Calls for tighter legislation and regulation topped the priorities outlined at the Chinese Art Market Development Summit in Beijing last week. “[A] mature art market needs the control of certain laws because laws can safeguard the interests of all sides,” said Guan Yu, deputy director of the Beijing Municipal Bureau of Culture, in a Jing Daily report.
Insiders also hope that increased oversight will help move China from a “regional” auction center, which deals predominantly in homegrown art, to an international hub. “The inverted structure between the primary market and secondary market is the first issue we have to deal with if we want to enter the international market,” said Guan Yu.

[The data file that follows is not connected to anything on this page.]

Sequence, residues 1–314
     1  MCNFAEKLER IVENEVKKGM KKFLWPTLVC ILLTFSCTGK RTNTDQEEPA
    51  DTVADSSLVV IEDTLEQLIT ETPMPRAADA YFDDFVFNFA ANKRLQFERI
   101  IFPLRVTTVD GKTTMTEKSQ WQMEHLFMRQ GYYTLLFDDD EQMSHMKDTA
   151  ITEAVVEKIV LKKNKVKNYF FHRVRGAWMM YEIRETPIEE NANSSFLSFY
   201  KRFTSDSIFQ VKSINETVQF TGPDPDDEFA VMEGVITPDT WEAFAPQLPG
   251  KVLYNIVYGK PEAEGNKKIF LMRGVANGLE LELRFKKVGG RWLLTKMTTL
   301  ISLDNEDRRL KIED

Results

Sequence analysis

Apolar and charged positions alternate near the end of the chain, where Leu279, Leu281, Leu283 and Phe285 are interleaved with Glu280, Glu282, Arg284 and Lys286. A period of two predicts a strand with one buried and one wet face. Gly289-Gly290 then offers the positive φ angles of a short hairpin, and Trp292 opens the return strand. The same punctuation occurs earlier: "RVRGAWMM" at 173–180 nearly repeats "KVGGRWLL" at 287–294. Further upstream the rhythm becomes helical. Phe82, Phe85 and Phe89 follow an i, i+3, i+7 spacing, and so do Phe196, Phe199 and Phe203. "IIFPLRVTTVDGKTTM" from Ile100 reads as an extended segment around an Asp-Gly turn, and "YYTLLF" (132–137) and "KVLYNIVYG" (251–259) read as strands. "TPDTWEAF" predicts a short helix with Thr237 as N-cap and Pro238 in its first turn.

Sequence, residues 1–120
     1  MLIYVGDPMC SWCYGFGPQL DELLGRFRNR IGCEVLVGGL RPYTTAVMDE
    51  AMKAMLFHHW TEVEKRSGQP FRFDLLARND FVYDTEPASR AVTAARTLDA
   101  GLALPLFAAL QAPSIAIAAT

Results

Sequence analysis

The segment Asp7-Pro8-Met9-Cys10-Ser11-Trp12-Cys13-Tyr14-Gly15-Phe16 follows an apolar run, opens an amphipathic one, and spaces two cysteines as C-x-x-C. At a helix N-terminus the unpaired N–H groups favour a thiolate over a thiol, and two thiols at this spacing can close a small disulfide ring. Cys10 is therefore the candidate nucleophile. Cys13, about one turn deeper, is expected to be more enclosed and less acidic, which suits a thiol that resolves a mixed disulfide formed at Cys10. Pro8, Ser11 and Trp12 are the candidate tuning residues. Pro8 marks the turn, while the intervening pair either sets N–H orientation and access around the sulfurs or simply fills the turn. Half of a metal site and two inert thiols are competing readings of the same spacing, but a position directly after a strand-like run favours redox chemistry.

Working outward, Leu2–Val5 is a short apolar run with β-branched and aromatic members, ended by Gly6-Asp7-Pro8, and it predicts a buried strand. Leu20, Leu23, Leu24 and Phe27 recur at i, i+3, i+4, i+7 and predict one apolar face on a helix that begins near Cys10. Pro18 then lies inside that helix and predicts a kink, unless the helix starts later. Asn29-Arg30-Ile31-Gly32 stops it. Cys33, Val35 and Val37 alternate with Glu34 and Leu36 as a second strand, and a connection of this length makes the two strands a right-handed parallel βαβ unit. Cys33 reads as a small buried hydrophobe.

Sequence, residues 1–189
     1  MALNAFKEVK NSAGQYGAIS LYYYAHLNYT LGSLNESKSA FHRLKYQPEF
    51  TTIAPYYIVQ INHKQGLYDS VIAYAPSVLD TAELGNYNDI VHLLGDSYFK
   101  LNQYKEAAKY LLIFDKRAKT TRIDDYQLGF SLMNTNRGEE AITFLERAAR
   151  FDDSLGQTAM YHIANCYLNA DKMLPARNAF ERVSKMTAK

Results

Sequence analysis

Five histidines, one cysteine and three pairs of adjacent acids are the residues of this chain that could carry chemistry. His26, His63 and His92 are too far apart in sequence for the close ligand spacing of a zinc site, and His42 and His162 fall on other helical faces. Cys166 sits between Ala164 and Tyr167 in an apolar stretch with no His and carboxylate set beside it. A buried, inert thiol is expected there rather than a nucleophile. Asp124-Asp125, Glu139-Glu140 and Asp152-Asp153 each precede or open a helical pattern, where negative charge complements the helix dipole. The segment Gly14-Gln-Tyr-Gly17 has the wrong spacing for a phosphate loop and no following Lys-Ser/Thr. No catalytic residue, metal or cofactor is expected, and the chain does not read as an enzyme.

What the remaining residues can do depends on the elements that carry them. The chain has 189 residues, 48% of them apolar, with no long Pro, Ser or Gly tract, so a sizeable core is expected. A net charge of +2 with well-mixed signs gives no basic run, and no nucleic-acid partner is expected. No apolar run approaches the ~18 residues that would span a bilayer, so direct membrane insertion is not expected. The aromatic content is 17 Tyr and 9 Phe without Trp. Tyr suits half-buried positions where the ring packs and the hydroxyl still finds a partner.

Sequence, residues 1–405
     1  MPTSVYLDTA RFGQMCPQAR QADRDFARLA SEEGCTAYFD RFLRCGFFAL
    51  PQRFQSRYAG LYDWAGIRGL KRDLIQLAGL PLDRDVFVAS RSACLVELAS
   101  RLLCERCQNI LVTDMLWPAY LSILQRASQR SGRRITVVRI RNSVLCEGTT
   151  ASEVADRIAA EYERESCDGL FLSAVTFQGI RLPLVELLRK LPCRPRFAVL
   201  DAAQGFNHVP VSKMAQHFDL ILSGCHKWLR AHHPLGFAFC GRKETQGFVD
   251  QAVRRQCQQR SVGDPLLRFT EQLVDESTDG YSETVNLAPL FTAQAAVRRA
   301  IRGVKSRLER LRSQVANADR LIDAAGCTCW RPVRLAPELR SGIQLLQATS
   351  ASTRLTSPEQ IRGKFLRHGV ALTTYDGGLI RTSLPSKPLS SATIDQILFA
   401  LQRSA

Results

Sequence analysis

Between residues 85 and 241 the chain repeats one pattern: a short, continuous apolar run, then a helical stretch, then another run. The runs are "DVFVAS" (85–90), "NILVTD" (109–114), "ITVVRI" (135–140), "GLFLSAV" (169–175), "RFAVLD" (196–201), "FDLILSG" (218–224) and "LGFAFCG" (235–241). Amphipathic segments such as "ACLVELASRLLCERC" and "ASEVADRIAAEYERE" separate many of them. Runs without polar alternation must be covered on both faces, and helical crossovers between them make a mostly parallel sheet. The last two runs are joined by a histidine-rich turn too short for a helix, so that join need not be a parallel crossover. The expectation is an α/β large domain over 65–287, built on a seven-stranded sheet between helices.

It was estimated earlier this year that China’s auction houses generate nearly half — $13 billion — of the global auction total.
— Rachel Corbett